Keeping the Lights on in Competitive Retail Areas: MISO Moves Forward with Three year Forward Auction

As the results from our OMS-MISO Survey show, capacity forecasts are tightening across MISO.  This tightening requires utilities, States and MISO to plan for the future.  MISO has determined that a three-year forward market mechanism is the preferred approach to meet resource adequacy needs.

Much of MISO is traditionally regulated.  Utilities manage the distribution of electricity and they own the generation needed to serve their customers. With this business model, regulators and utilities can easily see when and where new generation is needed.

But in parts of MISO – specifically, much of Illinois and some of Michigan – there is no state regulatory body charged with resource adequacy for competitive retail area load-serving entities. Customers there depend on generation from merchant companies, which rely on long-term signals for decisions about whether to invest in new resources or suspend or retire existing resources.

Discussions with stakeholders on the issue began in March 2015. The stakeholder process culminated in two distinct proposals to address competitive retail area resource adequacy needs. The Competitive Retail Area (CRA) Forward proposal was developed by MISO staff with input from stakeholders. The second, the Hybrid System-Wide Prompt proposal, resulted from MISO staff working closely with the IMM to develop the IMM’s initial concepts into a more robust proposal that addressed all key requirements, including competitive retail loads in Michigan, while preserving the planning methods used by municipal and cooperative utilities in southern Illinois.

At the July 14 Resource Adequacy Subcommittee meeting, MISO’s Jeff Bladen discussed analysis and stakeholder feedback leading to MISO’s determination that a three-year forward market mechanism to procure capacity is the preferred approach to meet the resource adequacy needs of competitive retail areas in the MISO region. The CRA Forward proposal creates a new and separate three-year forward capacity auction for competitive retail area load only.  Any supply (both merchant and non-merchant and inside or outside MISO) may elect to participate in the new market.  This design maintains a single fungible capacity product in the MISO region while providing non-discriminatory (same rules for everyone) access to that market for all suppliers. The market leverages a clearing mechanism similar to MISO’s Planning Resource Auction, augmented with a sloped demand curve similar to the PJM RPM (Reliability Pricing Model) sloped demand curve.  As a result, the solution closely resembles the elements of other FERC- approved organized capacity markets only scaled in size to meet the resource adequacy needs of CRAs in the MISO footprint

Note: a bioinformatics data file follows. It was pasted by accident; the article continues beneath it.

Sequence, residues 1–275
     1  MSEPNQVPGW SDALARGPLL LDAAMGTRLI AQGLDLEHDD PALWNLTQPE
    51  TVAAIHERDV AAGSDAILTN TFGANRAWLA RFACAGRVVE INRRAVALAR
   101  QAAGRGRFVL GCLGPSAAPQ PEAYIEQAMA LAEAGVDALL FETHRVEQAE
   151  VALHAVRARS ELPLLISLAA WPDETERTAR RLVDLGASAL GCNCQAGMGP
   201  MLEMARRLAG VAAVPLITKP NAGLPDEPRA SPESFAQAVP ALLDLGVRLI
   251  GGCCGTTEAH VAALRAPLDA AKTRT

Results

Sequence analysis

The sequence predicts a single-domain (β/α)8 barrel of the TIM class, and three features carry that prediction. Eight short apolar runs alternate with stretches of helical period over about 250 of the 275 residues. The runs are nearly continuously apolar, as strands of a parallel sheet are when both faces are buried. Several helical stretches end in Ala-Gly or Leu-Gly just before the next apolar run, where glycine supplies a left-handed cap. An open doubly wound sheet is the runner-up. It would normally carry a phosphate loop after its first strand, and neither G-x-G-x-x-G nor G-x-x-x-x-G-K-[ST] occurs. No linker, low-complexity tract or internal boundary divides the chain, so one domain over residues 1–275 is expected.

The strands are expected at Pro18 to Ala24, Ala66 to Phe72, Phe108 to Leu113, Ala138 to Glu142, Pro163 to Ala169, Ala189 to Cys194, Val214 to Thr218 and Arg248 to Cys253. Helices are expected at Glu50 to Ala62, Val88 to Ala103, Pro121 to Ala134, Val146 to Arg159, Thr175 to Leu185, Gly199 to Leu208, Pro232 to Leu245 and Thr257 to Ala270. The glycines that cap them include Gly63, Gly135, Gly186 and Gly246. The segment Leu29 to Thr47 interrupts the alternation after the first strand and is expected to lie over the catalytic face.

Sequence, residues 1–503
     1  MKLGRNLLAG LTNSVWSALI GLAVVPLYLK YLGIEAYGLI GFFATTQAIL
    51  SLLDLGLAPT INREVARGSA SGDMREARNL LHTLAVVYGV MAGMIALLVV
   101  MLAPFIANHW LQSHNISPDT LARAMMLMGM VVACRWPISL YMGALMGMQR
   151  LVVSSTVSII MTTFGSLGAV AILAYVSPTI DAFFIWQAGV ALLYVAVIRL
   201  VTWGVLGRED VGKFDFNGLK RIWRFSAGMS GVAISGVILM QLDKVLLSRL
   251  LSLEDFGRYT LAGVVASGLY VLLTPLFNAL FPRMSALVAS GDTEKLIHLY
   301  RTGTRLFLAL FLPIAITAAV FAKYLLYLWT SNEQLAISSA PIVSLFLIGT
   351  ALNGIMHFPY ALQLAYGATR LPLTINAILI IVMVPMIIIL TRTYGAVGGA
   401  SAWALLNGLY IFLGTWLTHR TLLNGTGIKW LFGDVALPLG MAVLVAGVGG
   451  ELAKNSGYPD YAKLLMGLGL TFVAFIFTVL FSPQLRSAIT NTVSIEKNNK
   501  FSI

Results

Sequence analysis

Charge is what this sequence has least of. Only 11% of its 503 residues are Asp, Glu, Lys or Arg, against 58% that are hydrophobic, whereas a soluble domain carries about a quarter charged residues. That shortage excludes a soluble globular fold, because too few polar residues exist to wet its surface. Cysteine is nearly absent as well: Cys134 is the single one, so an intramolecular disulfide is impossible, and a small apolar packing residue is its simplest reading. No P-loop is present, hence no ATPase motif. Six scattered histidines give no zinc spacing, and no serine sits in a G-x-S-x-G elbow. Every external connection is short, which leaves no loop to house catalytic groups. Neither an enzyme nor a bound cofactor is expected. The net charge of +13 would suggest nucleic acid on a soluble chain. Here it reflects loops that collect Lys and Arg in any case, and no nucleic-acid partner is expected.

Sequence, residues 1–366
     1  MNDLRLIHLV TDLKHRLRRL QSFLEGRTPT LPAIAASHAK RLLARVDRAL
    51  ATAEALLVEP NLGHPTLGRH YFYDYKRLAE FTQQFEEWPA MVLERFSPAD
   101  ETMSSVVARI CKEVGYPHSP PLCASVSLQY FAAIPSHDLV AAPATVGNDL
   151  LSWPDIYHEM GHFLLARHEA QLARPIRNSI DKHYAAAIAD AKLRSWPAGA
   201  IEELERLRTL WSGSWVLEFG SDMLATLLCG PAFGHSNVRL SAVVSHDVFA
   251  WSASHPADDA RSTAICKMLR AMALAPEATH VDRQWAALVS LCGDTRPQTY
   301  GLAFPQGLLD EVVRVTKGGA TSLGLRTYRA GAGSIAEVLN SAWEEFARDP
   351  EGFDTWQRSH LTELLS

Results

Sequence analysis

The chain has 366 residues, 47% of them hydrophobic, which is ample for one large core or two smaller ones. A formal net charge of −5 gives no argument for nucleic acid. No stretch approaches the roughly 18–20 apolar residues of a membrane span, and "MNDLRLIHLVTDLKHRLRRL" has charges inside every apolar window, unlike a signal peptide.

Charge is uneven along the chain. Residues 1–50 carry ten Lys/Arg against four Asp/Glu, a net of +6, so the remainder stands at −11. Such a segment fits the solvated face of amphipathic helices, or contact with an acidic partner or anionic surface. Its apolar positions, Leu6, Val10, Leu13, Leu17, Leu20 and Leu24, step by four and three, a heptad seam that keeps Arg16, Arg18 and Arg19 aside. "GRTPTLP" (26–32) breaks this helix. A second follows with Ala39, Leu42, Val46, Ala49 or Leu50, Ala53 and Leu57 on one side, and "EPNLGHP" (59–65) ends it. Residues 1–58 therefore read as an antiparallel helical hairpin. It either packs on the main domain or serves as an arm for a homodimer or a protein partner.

Also at the meeting, MISO’s Independent Market Monitor (IMM) gave a presentation focused on a hybrid prompt auction approach. The Hybrid System-Wide Prompt proposal modifies the existing Planning Resource Auction (PRA) by creating a two- stage clearing process: stage one clears merchant supply and demand, and stage two clears non-merchant supply and demand.  As a result, the proposed PRA modification creates a new and unique two-stage clearing mechanism that sets two separate prices.

MISO solicited feedback from a range of stakeholders in order to refine key elements of its forward auction proposal. It also hired the Brattle Group, an independent consulting firm, to analyze both proposals.  The Brattle Group found that MISO’s forward auction proposal was superior based on the proposal’s design to best meet  reliability standards and realize the greatest reductions in reduce price volatility.

Some benefits of MISO’s Forward Auction proposal include:

  • For non-competitive and competitive retail areas of the MISO region, the proposal preserves the existing resource adequacy processes.
  • MISO’s Forward Auction proposal is designed for fair treatment of all consumers and suppliers.
  • All foundational design components of the forward auction are less complex and consistent with FERC precedent and other RTOs’ practices.

MISO continues to evaluate and carefully consider input and feedback received to date in assessing next steps.

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